How to determine the fair value of a business
A great investment is determined by its price. Thus, in stock investing, it is key to determine the intrinsic value of a business and compare it to the current market price. There are some aspects you should always bear in mind.
A lot of people buy and sell stocks very frequently. They believe they can outperform the market. What drives their decision is a strong behavioral bias. Unfortunately, in most cases their decision is based upon emotions only. As a professional investor you will not act upon your feelings nor will you sell stocks very frequently. Instead, you are in permanent search for a great business to purchase at a good price. Once found, you may hold it for the rest of your entire life to take advantage of the profits it generates for you.
A key aspect in investing is to determine the intrinsic value of a business. In theory, the formula for fair (intrinsic) business value is straightforward:
However, in practice, it is tricky to find the appropriate values for the numerator and denominator.
The future cash flows.
A business uses assets to generate revenues. To do this, it too produces a bunch of costs. The very last piece of the cake that is left after all other stakeholders (suppliers, employees, banks, governments etc.) have been paid belongs to all business owners, i.e., shareholders.
To determine the future cash flows is what a whole armada of investors, analysts, and other experts are trying to do day after day. Some of them have almost unlimited resources and knowledge, but guess what: it turns out that they are failing in most of the times. If you ask seven experts about the future cash flows of Volkswagen, Tesla or Coca-Cola you are likely to get 13 different answers. Some are optimistic, others are pessimistic. Unfortunately, no one can predict the future. Great investors should not only know, but accept this fact.
You should not be disappointed since there is a silver lining. When you have to make a decision whether to invest in a business that is supposed to provide risky, i.e., uncertain, future cash flows to you, you should apply the Margin-of-Safety Principle and stay within your Circle of Competency. Following Warren Buffett:
"It is better to be approximately right than precisely wrong."
What he means by this is, you should live with the fact that you can come up with not more than a best guess about the future cash flows. As a passive investor you would reduce your risk by diversifying, i.e., to invest in the whole market. On the other hand, if you consider yourself a professional investor you may reduce your risk by doing exactly the opposite: only invest in a small number of great businesses you truly understand.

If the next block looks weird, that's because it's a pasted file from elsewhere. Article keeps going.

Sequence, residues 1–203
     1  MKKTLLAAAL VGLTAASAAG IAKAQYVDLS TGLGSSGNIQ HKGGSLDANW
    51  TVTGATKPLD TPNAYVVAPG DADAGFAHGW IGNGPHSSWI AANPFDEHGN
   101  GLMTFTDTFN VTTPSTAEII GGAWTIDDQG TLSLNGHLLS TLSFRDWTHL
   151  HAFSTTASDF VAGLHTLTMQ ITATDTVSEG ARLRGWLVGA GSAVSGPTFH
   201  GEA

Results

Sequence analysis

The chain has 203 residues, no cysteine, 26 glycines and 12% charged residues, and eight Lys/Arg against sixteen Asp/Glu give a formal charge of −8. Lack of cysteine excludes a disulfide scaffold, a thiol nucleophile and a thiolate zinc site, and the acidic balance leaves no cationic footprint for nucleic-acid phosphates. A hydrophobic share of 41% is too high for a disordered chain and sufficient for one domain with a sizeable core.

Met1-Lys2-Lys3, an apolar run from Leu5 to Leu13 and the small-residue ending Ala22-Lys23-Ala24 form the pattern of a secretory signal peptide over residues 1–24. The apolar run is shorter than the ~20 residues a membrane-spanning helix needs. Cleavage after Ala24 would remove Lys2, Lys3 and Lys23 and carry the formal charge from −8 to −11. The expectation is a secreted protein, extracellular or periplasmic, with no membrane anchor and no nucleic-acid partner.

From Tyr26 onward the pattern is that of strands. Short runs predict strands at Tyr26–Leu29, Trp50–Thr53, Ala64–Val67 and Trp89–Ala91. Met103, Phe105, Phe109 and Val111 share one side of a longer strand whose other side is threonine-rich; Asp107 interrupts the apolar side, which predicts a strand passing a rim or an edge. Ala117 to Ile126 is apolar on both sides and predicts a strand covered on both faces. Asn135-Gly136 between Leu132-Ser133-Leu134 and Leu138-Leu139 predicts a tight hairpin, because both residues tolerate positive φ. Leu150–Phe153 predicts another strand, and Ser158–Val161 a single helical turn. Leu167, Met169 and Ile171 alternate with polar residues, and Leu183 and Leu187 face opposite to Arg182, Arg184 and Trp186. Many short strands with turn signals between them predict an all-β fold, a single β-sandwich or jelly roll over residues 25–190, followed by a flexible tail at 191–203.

If you want to learn more about a particular business you need to understand its strategy, its business model (incl. the industry and competitors) as well as its financials. Doing so, you will be able to come up with a possible range for the future cash flows. Still, it is very likely that this range will turn out to be wrong, but if you are really pessimistic in your assumptions - by applying the Margin-of-Safety - it should serve as a risk buffer to you.
The discount factor.
To predict the future cash flows is one thing, but finding the appropriate discount factor is another. Indeed, it is necessary to discount the future cash flows to get to the present value of the business. Let's have a closer look on what "appropriate" means in this sense....
I have already concluded that the future cash flows of a business are uncertain, i.e., risky. The degree of risk inherent to the cash flows should be reflected by the discount factor. The higher the risk, the higher the discount factor.
A great part of finance theory and MBA classes is dedicated to find the correct discount factor. As always, theory offers a whole bunch of different valuation methods that are supposed to work under different circumstances. Note, you will still see many bankers, accountants, fund managers and CFO's applying what they have learned in classrooms. Maybe you have heard about the famous Capital Asset Pricing Model (CAPM), which is supposed to determine the company's cost of equity. Even though empirical studies have proven that the CAPM is not working at all, it still is the most commonly used approach - not only in classrooms.
Unfortunately, for the denominator the same thing is true what we have already concluded for the numerator: you can spend a lot of effort trying to compute an appropriate discount factor, but at the end it turns out to be useless. For instance, when Warren Buffett was once asked about how he determines the appropriate discount factor he said that it is nonsense to believe you could come up with an exact number for it. He rather applies the Margin-of-Safety principle and stays in his Circle of Competency. When doing so, he can reduce his risk and thus takes the rate of a Treasury Bill to serve as a proxy for the discount factor.
I highly recommend to read chapter 20 on the Margin-of-Safety as well as chapter 8 about the irrational behavior of markets in The Intelligent Investor by Benjamin Graham here*.